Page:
And "untouched by consequence"? The violence she witnesses as a child (both inside and outside the home) only contribute to her condition. As a child, she overhears her mother's side of a telephone argument with her father, and becomes fascinated with the heated wire of her mother's hair dryer. She places her tongue inside. Her developing sexuality is warped by her mother's shame and horror on the day she begins mensturating (in a scene that permanently links sexuality to death and blood). As a teenager she learns that the only way she can provoke her father to notice her is by staying out late and having sexual encounters with one man after another. Her world is hermetically sealed by the isolation of privilege and the nearly fascist censure of her parents, and her existence marked by what happens to her younger brother during her 17th year. But it's ultimately the nature of familial betrayal that thwarts her identity and womanhood.
    When Restrepo tries to root the novel by invoking the most vehement realities — narco-terrorism, roads and cities rendered unsafe by insurgents, the terrifying presence of Escobar — she doesn't write as if she feels it, as if these are her concerns in any fundamental sense.
    Ulin speaks of her casualness in recounting these matters, but I would hazard to guess that he doesn't understand how mundane and normal these situations were in daily life. She recounts the dangers of the road to Sasaima in the same tone as someone from the States would discuss the annoyances of heavy traffic. These realities had been so embedded in the identity of the culture that its strangeness would never be remarked upon. As for Escobar, Midas' retelling of his encounters with the drug lord (and the one-liners that Escobar later became famous for) are related with deep sadness and a stunned shock at the inevitable result of such dealings. I don't see any of this as Restrepo trying "to root the novel by invoking the most vehement realities". The root of the novel is the devastating nature of family secrets and the lies on which we base our lives. The peripheral context is important, but not the main focus of the work.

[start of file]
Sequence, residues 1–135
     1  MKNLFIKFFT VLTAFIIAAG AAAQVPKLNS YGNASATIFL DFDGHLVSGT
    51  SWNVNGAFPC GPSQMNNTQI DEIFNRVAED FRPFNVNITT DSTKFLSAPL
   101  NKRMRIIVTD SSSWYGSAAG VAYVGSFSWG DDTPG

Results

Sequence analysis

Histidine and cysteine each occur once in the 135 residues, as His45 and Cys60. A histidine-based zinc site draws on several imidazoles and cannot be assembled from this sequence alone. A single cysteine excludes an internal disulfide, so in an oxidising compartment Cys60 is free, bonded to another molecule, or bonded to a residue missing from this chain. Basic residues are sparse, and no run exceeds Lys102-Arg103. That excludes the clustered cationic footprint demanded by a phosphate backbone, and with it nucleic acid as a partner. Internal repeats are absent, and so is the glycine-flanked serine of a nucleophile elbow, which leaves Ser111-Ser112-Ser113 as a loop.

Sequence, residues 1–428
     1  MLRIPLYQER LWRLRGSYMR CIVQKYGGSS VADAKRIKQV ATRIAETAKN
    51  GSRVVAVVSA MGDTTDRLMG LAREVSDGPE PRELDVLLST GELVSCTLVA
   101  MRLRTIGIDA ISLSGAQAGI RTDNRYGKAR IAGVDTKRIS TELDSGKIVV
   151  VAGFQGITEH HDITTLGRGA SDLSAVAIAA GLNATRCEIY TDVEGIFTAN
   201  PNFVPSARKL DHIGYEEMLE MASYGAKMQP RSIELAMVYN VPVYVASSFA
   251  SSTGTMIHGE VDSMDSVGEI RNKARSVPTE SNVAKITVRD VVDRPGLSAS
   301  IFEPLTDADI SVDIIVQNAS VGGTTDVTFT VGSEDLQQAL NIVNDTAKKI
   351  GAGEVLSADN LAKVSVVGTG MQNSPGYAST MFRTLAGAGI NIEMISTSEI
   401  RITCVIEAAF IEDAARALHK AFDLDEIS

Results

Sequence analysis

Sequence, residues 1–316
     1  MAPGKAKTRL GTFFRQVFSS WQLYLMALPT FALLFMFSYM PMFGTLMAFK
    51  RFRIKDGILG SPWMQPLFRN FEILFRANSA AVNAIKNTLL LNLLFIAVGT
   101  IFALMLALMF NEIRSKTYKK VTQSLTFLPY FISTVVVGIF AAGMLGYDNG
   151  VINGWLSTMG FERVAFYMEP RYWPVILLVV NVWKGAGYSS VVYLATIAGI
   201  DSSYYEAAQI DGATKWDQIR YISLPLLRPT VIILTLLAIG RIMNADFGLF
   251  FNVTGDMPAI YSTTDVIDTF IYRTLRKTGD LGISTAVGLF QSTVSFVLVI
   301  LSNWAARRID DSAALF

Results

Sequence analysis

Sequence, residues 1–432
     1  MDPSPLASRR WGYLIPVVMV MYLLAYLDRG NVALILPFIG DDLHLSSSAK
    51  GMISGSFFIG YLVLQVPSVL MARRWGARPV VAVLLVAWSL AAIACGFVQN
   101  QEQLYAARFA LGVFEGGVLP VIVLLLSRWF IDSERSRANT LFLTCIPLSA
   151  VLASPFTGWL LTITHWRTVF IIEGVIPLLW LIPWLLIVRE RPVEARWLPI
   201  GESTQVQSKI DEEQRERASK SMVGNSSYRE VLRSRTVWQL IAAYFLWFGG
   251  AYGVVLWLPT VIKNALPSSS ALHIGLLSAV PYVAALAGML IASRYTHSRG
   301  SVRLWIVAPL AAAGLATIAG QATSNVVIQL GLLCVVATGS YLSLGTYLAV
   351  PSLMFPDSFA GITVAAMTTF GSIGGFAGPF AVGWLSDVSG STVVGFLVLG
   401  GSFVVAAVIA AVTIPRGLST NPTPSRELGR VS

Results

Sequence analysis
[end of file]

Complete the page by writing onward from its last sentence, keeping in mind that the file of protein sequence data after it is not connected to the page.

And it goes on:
Ulin also complains,
    For Agustina and the other characters, life is oddly distanced; there is nothing here to make us care. "[T]he plain truths keep getting caught in the honeyed ambiguity that smoothes and civilizes everything until there's no substance left," leaving us to experience "Delirium" as if through a scrim of gauze.
    I find it particularly telling that Ulin would use a line that intends to decry this form of existence and turn it against the book itself. His views on the matter are clear, but I can't believe that this "gauze" is entirely the fault of the author. A reader is not merely a spectator as with television or film, but an active participant. If that sense of immediacy and clarity isn't there, the reader has to check his or her own limitations of understanding, especially when it comes to a work of translation.

    Ultimately, I find it curious that he neglects to mention any stylistic or structural elements at all. I found these to be the main reasons the novel was so engaging and worthwhile. Perhaps they served to distance rather than engage him? Some comment on these aspects of the work would've given this review more credibility.

    Related note: Laura Restrepo spoke at the PEN World Voices "Don Quixote at 400" tribute in 2005. She has some wonderful things to say about Quixote's context and the modern world's latent insanity.

    07 June 2007

    Annie Dillard excerpt and audio clip

    NPR's summer reading list comments on Annie Dillard's second novel, The Maytrees, and also provides both an excerpt from the novel and an audio clip of her reading a passage: